Plans to slash microgeneration red tape
The Government has published plans to make it easier for people to install wind turbines on their homes by eliminating the need for planning permission.
Putting up micro-renewable technologies like wind turbines or solar panels will become easier as planning permission will no longer be required “where it is clear there is little or no impact on neighbouring properties.”
Communities secretary Ruth Kelly launched a consultation recommending the changes, aimed at accelerating the delivery of renewable energy across the country, in a speech to the Green Alliance on Wednesday.
“This consultation document sets out important changes the Government wants to make the planning system to encourage the take-up of microgeneration,” Ruth Kelly said.
“This will play an essential part in helping us meet a significant proportion of our future energy needs.
“I believe that the local planning system should support efforts to tackle climate change rather than acting as a barrier, but it is important that we ensure that there are clear, common-sense safeguards on noise, siting and size and that the unique features of conservation areas are protected,” she said.
There are over 100,000 wind, water or ground source microgeneration sources across the country at present, but the Government hopes to raise the number of householders generating as well as consuming energy eight-fold – a goal to be outlined in the Energy White Paper.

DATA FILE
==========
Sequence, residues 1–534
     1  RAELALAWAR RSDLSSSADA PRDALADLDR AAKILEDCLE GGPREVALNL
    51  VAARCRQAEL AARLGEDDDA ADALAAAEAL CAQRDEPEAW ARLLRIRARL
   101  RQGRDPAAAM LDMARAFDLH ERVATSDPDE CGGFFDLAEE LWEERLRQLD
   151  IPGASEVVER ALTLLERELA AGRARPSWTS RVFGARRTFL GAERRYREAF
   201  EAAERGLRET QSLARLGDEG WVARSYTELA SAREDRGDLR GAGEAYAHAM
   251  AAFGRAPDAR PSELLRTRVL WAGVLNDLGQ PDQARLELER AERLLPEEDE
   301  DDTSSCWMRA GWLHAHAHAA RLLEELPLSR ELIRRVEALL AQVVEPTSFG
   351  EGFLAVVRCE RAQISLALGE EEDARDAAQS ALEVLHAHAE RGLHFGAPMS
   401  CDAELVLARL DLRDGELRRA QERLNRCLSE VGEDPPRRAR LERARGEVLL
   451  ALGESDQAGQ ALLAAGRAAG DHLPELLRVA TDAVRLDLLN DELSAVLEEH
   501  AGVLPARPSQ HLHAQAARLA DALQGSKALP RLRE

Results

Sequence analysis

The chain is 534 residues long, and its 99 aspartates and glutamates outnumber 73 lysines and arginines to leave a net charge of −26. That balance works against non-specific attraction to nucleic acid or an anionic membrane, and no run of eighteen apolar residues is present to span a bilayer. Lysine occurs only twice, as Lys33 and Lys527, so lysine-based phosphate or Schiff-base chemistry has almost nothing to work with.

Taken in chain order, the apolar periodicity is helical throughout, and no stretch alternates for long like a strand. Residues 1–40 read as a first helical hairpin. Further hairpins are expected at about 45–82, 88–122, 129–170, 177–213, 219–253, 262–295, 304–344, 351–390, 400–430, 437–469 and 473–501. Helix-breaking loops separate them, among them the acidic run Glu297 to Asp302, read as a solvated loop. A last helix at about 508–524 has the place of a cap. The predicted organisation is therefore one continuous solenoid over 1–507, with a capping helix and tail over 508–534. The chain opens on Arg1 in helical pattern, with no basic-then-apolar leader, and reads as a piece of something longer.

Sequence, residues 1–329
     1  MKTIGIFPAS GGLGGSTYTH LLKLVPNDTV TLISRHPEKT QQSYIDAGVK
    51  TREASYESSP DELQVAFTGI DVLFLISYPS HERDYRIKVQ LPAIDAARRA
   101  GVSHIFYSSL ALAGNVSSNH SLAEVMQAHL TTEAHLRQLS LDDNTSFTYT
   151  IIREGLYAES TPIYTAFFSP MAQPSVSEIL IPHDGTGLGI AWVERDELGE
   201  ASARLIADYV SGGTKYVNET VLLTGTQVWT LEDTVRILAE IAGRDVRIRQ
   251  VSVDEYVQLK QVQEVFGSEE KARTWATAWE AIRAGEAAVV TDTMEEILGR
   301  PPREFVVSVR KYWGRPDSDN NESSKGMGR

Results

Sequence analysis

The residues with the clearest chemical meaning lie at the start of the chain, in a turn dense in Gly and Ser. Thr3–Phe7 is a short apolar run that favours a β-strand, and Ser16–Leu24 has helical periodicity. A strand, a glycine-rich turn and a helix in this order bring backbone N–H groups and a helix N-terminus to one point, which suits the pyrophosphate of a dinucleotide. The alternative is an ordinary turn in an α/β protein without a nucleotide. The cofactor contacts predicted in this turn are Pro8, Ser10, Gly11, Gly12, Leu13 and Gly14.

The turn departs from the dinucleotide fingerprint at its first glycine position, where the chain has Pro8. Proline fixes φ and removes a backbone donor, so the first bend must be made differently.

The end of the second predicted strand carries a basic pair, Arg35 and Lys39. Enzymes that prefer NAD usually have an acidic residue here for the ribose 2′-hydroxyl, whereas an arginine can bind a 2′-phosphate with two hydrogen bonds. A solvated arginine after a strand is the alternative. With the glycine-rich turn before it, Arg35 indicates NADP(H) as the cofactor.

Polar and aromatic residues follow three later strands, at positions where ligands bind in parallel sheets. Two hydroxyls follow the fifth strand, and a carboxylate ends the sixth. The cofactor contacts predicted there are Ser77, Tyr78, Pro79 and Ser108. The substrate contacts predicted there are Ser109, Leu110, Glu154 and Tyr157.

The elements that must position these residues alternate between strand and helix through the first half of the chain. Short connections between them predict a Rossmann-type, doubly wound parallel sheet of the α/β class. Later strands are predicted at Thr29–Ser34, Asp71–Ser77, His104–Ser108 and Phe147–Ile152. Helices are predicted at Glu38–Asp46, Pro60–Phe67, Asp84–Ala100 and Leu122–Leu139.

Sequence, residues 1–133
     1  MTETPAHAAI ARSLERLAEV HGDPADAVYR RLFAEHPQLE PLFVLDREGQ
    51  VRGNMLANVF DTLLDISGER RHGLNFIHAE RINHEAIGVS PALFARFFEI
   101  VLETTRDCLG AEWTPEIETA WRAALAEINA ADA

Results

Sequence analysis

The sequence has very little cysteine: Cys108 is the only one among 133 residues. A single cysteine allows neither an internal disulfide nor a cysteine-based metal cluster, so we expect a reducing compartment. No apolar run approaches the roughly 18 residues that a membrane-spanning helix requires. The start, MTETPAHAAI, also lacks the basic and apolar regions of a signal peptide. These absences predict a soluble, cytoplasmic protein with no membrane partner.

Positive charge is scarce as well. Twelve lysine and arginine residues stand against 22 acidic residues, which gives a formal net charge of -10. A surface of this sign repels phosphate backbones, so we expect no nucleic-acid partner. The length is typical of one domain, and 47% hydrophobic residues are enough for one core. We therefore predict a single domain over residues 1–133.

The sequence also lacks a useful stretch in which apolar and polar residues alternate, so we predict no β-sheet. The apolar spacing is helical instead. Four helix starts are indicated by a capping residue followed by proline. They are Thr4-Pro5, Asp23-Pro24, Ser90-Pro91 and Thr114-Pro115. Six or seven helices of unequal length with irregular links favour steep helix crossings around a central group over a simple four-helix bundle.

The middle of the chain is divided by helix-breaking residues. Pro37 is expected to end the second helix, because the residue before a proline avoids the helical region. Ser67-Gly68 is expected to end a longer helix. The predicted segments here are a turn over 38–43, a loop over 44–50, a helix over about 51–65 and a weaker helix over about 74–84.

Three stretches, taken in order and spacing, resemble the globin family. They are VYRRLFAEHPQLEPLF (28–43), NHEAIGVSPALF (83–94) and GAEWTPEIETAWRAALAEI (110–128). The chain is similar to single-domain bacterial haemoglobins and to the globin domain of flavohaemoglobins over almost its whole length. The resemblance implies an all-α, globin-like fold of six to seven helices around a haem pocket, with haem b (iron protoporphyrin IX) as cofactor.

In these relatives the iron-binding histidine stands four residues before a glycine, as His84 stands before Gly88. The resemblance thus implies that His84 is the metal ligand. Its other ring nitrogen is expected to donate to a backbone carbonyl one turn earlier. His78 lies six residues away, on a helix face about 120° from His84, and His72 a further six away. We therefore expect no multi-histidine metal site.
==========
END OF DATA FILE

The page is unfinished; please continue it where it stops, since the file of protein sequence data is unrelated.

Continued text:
Dave Sowden, chief Executive of the Micropower Council, said: “We are most encouraged by the Government’s willingness to tackle the planning system which was acting as a serious barrier to customers who want to invest in microgeneration as part of playing their role in tackling climate change.
“The current planning system says “no” unless there is a good reason to consider otherwise. In future it will say “yes” within properly considered, pre-defined limits. This will make a big difference to large numbers of customers wanting to take up microgeneration but put off today by bureaucracy and inconsistency.
“Of course, the limits need to be set appropriately, and after proper public debate. We welcome the consultation as an opportunity to have an informed debate about the detail in the coming months.”